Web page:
Mary Lovely, professor of economics in the Maxwell School, was quoted by Business Insider for the story “The government is raking in billions of dollars from Trump’s tariffs.”
SU’s Saunders garners more honors from leading literary organizations
SU’s Saunders garners more honors from leading literary organizationsFebruary 27, 2007Sara Millersemortim@syr.edu
George Saunders G’88, professor of English in Syracuse University’s College of Arts and Sciences (A&S), has recently been recognized with several prestigious literary honors, on the heels of his being named one of 25 MacArthur Fellows by The John D. and Catherine T. MacArthur Foundation last September.
Saunders’ “In Persuasion Nation” (Riverhead Books, 2006) was named one of the three finalists for The Story Prize, an annual award for books of short fiction. The 12 stories in this collection range from “straightforward narratives to outlandish tales populated by talking snack bars and vengeful Doritos bags.” As one of three finalists, Saunders received $5000 at the awards ceremony Feb. 28 at The New School’s Tishman Auditorium in New York City. The finalists each read selections from their work, after which each writer was interviewed onstage.
“In Persuasion Nation” was also selected by Booklist as an Editors’ Choice, which recognizes the most outstanding titles published in 2006. It also made Amazon’s list of Top 10 Literary Books for the year.
This past fall, Saunders’ short fiction work “CommComm” (The New Yorker, 2005) was named a winner at the World Fantasy Awards, which were announced at the World Fantasy Convention Banquet Nov. 4 in Austin, Texas. All nominated material was published in 2005. The World Fantasy Convention is an annual gathering of professionals, collectors and others interested in the field of light and dark fantasy art and literature.
In addition to the MacArthur Fellowship, Saunders was named a 2006 Guggenheim Fellow this past April. He teaches in SU’s M.F.A. program in creative writing. In addition to “In Persuasion Nation,” Saunders has published two collections of short stories — “Pastoralia” (Riverhead Books, 2000) and “CivilWarLand in Bad Decline” (Riverhead Books, 1996) — as well as an illustrated novella, “The Brief and Frightening Reign of Phil” (Penguin Books, 2005), and a children’s book, “The Very Persistent Gappers of Frip” (Random House, 2000).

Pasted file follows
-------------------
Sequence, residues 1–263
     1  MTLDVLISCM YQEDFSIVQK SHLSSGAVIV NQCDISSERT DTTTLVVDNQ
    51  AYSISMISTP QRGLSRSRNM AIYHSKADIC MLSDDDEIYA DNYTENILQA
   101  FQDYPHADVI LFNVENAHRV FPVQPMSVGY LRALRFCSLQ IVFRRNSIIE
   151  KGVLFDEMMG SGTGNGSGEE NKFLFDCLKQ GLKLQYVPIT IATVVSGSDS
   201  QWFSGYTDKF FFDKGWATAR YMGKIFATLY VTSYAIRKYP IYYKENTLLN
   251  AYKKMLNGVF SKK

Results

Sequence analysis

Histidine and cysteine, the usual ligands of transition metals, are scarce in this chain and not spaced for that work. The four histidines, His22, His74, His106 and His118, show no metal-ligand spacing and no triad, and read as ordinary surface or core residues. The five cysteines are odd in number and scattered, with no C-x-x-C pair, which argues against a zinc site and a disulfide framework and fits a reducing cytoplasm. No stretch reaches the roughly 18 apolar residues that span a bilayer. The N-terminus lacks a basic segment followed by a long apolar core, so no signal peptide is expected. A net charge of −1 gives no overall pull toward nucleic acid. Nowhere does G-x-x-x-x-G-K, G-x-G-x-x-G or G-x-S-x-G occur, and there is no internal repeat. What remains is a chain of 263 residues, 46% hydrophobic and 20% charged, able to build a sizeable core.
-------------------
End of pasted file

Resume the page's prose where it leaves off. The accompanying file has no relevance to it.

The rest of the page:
Saunders’ mordantly hilarious tales retain, at their core, deep sympathy and compassion for the lives he depicts. Characterized by a blend of contrasting elements, much of his fantastic and fanciful writings combine satire and surrealism with a naturalistic, colloquial use of language. With a keen eye for absurdity, a precise ear for vernacular dialogue and a distinctively deadpan narrative voice, Saunders explores the poignant disappointments of his downtrodden characters and the slightly skewed, vaguely futuristic version of American society they inhabit. While his stories are humorous, the moral dilemmas faced by his fictional mothers, husbands, siblings and neighbors underscore their humanity and lend gravity to his work.
His fiction has appeared in The New Yorker, Harper’s, Esquire and numerous other publications. He won the National Magazine Award in 1994 for his story “The 400-pound CEO” and again in 1996 for the story “Bounty.” He was named one of Entertainment Weekly’s top 100 most creative people in entertainment (2001) and one of The New Yorker’s best writers 40 and under (2000).
Prior to joining the SU faculty in 1997, Saunders was a technical writer and geophysical engineer at Radian International in Rochester, N.Y. He has also explored for oil in Sumatra, played guitar in a Texas bar band, and worked in a slaughterhouse.
Saunders earned a B.Sc. degree at the Colorado School of Mines in 1981 and an M.F.A. degree in creative writing at SU in 1988.